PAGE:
28. Armendariz-Picon, C.: On a class of stable, traversable Lorentzian wormholes in classical general relativity. Phys. Rev. D 65, 104010 (2002). arXiv:gr-qc/0201027

    Article  ADS  MathSciNet  Google Scholar 

  29. Kuhfittig, P.K.F.: A note on the stability of Morris–Thorne wormholes. Fund. J. Mod. Phys. 14, 23–31 (2020). arXiv:2009.11179

    Google Scholar 

  30. Placek, T.: Branching for general relativists. In: Nuel Belnap on Indeterminism and Free Action, pp. 191–221. Springer, Cham (2014).

  31. Joanna Luc, Tomasz Placek. Interpreting non-hausdorff (generalized) manifolds in general relativity (2019).

  32. Joanna Luc. Generalised manifolds as basic objects of general relativity. Found. Phys., pp. 1–23 (2019).

  33. McCabe, G.: The Topology of Branching Universes. Found. Phys. Lett. 18(7), 665–676 (2005). arXiv:gr-qc/0505150

    Article  MathSciNet  MATH  Google Scholar 

  34. Shoshany, B., Stober., Z.: Time travel paradoxes and entangled timelines. In preparation (2023)

  35. Alcubierre, M.: The warp drive: hyper-fast travel within general relativity. Class. Quant. Gravity 11(5), L73–L77 (1994). arXiv:gr-qc/0009013

    Article  ADS  MathSciNet  Google Scholar 

  36. Shoshany, B.: Faster-than-light travel through hyperspace. In preparation (2023)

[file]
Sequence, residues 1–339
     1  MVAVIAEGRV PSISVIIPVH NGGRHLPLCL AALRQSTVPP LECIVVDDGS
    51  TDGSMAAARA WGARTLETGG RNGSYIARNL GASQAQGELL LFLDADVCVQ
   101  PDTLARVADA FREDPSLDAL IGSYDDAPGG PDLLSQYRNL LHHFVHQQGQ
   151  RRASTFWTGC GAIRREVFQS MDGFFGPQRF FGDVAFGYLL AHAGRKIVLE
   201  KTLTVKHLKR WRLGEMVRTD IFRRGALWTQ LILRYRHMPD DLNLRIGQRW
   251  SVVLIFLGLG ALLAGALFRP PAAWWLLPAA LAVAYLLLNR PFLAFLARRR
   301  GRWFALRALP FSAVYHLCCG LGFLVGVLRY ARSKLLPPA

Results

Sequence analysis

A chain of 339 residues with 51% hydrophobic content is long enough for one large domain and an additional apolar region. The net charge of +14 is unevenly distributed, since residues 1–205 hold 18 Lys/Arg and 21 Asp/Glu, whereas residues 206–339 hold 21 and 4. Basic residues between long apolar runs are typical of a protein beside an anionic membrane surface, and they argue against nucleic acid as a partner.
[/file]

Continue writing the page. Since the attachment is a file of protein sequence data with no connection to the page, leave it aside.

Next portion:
Download references


J. W. would like to thank Alicia Savelli for helpful discussions and support, and Carlo Rovelli for his advice and insightful discussions. B. S. would like to thank Thomas A. Roman for his invaluable input. We also thank the two anonymous reviewers for identifying several issues with the original manuscript. This research was supported by funding from the Brock University Match of Minds grant.

Author information

Authors and Affiliations


Corresponding author

Correspondence to Barak Shoshany.

Ethics declarations

Conflict of Interest

The authors have no conflicts of interest to disclose.

Additional information

Publisher's Note

Springer Nature remains neutral with regard to jurisdictional claims in published maps and institutional affiliations.

Rights and permissions

Springer Nature or its licensor (e.g. a society or other partner) holds exclusive rights to this article under a publishing agreement with the author(s) or other rightsholder(s); author self-archiving of the accepted manuscript version of this article is solely governed by the terms of such publishing agreement and applicable law.

Reprints and Permissions

About this article

Verify currency and authenticity via CrossMark

Cite this article

Shoshany, B., Wogan, J. Wormhole Time Machines and Multiple Histories. Gen Relativ Gravit 55, 44 (2023).

Download citation

  • Received:

  • Accepted:

  • Published:

  • DOI: